“The Inuit in Canada and Greenland, and the Yu'pik, Iñupiat, and Athabascan in Alaska, are just a few of the groups that are native to the Arctic. Traditionally, Arctic native peoples lived primarily from hunting, fishing, herding, and gathering wild plants for food, although some people also practice farming, particularly in Greenland. Northern people found many different ways to adapt to the harsh Arctic climate…

Many Arctic people now live much like their neighbors to the south, with modern homes and appliances. Nonetheless, there is an active movement among indigenous people in the Arctic to pass on traditional knowledge and skills, such as hunting, fishing, herding, and native languages, to the younger generation.” (NSIDC)

These arctic animals we’ll talk about below were an important part of life for indigenous people, who used them for food and daily life.

European explorers are relatively new to the Arctic, beginning exploration about one thousand years ago.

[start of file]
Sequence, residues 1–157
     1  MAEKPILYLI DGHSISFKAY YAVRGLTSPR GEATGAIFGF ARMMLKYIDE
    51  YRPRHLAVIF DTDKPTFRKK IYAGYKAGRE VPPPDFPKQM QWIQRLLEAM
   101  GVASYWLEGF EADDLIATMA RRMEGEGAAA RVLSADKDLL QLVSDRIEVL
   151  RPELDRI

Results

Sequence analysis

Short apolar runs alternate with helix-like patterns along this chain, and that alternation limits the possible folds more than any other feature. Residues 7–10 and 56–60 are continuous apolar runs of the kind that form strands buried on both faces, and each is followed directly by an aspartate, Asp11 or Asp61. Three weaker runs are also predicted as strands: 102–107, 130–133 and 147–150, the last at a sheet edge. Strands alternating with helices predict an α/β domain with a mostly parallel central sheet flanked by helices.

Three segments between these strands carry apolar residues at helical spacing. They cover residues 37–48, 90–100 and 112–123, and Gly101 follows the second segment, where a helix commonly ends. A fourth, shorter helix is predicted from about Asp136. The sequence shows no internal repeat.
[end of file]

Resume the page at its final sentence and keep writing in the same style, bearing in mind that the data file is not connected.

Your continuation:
Below, we’ll share some of the people who were some of the first to scientifically document these animals.

First to Describe Polar Bears - Constantine J. Phipps

Phipps was an English explorer, Royal Navy officer, and Parliament member. On June 4, 1773, he set off from Deptford on a voyage towards the North Pole.

His exploration sailed around Norway, but they were forced back to England by the ice. During the voyage, Phipps was the first modern European to describe the polar bear and the ivory gull, which were included in his A Voyage towards the North Pole undertaken ... 1773 (1774). Early descriptions of the characteristics of the polar bear, in particular, can be found in his voyage log book entries, dated May 12, 1773, and now kept in the British Library archives.

Learn more about him here.

First to Describe Penguins: Vasco da Gama?

Vasco da Gama was a Portugese explorer born in the 1460s.

On November 25, 1497, Vasco da Gama’s ship sailed to the south tip of the African continent.

“On that day, the crew parked near what is now Mossel Bay, South Africa, and with surprise, they discovered birds never seen by European eyes before. In his diary, a crew member noted: “… there are birds as big as ducks, but they cannot fly and bray like donkeys.” Some say that the crew of the expedition of Bartolomeu Dias de Novaes were the first to observe penguins, sometime between 1487 and 1488.”